Suggested recommendations

Patients with SCAP and shock should be managed according to current practice guidelines. Adjunctive therapy, including systemic corticosteroids, should be reserved for SCAP patients with refractory septic shock or with high systemic inflammatory response (as measured by CRP).

Suggestions for future research

Studies are still needed to clarify why SCAP mortality remains high despite improvements in overall sepsis outcomes. Host inflammatory responses (both of the lung and systemic) require better characterization to determine the potential role of immune modulators in SCAP. Finally, additional studies are needed to better assess patients’ immune phenotype and to determine who should receive steroids and other immunosuppressive therapies.

New antibiotics

Current controversy

Treatment success in SCAP rests on prompt delivery of antibiotics targeting the likely causative organisms. An important controversy is whether existing antibiotics are adequate therapies or whether new antimicrobials are needed.

The evidence

Initial inappropriate empiric therapy in SCAP is primarily driven by the failure to cover a specific pathogen (e.g., MRSA) or the presence of a resistant bacterial pathogen (e.g., macrolide-resistant S. pneumoniae) [86]. The need to empirically cover both “typical” bacterial pathogens (S. pneumonia, Haemophilus influenza, MMSA) and “atypical” pathogens (Mycoplasma pneumoniae, Legionella pneumophilia, Chlamydophila pneumoniae) is controversial, with some studies showing no benefit when atypical coverage is provided and others suggesting outcome benefits [87, 88].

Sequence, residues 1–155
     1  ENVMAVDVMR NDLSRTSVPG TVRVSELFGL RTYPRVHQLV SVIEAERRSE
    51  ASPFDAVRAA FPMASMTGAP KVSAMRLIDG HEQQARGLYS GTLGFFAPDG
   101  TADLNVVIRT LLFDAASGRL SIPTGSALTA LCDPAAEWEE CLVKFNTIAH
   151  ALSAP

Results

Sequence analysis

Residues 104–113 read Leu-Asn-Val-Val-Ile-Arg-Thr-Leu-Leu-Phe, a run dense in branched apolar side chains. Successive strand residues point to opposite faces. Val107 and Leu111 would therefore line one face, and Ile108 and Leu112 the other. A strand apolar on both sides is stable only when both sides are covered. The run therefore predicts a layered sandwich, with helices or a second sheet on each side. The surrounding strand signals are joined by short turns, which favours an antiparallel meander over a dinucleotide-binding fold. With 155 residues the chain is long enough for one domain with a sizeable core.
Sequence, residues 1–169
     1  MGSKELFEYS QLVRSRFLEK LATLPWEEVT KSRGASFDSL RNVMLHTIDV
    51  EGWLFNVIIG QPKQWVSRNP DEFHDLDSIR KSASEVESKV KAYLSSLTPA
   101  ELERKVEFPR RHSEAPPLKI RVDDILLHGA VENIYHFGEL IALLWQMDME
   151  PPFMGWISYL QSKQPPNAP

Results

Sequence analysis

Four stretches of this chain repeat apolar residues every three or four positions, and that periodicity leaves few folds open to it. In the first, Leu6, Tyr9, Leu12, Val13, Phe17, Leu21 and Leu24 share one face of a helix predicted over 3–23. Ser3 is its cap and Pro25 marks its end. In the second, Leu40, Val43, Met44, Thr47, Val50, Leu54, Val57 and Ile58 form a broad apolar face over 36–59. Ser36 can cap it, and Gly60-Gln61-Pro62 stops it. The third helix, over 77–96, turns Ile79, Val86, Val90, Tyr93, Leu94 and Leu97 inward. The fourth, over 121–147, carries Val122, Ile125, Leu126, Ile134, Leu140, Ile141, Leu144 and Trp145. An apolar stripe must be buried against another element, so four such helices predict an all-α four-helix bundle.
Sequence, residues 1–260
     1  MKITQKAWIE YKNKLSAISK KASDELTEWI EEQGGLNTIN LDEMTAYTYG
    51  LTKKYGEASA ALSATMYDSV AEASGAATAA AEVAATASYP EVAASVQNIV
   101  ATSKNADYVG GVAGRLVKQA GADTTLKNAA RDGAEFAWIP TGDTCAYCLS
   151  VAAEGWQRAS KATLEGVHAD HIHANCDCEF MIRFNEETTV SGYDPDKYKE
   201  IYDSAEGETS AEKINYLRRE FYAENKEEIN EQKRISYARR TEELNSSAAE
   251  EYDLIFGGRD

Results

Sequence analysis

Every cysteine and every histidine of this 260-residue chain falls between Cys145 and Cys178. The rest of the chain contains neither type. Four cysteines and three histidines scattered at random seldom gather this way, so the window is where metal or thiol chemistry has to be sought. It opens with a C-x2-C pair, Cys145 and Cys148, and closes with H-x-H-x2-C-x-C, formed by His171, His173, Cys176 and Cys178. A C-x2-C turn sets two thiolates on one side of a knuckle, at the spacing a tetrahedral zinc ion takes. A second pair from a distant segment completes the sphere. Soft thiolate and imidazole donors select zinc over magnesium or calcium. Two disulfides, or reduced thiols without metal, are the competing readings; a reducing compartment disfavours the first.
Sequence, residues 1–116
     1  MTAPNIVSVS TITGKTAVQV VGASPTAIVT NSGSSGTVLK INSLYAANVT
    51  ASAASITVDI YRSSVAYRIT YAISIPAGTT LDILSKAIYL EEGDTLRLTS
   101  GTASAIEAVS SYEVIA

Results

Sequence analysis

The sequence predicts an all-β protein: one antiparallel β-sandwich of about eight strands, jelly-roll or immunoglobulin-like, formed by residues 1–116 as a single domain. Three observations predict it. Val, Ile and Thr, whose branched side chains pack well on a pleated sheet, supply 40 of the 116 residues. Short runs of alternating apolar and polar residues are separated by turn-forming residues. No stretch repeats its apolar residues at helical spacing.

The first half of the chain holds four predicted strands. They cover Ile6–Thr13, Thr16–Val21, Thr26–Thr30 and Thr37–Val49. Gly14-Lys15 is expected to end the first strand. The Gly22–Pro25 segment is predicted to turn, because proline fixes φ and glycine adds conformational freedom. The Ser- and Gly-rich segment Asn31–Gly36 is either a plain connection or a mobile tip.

Based on the available data, it appears that new antibiotics providing coverage for the currently existing limitations in empiric therapy are needed (Table 5).

Table 5 New antibiotics for SCAP

Lefamulin is a novel semisynthetic pleuromutilin that inhibits bacterial growth by binding to the peptidyl transferase center of the 50S ribosomal subunit [89]. Pleuromutilins are not typically affected by resistance to other antibiotic classes (including macrolides, fluoroquinolones, and tetracyclines). Two phase 3 trials (LEAP 1—intravenous to oral lefamulin; LEAP 2—oral only) have demonstrated comparable (non-inferior) outcomes to moxifloxacin ( (Accessed 12 July 2018).

Omadacycline is from the aminomethylcycline class created by chemical modification of minocycline. It inhibits protein synthesis by binding to the 30S ribosomal subunit. Chemical modifications enable it to be active against the two main forms of bacterial resistance to the tetracyclines: efflux and ribosomal protection. Results from the phase 3 OPTIC trial comparing once-daily oral and intravenous omadacycline to oral and intravenous moxifloxacin demonstrated non-inferiority ( (Accessed 12 July 2018).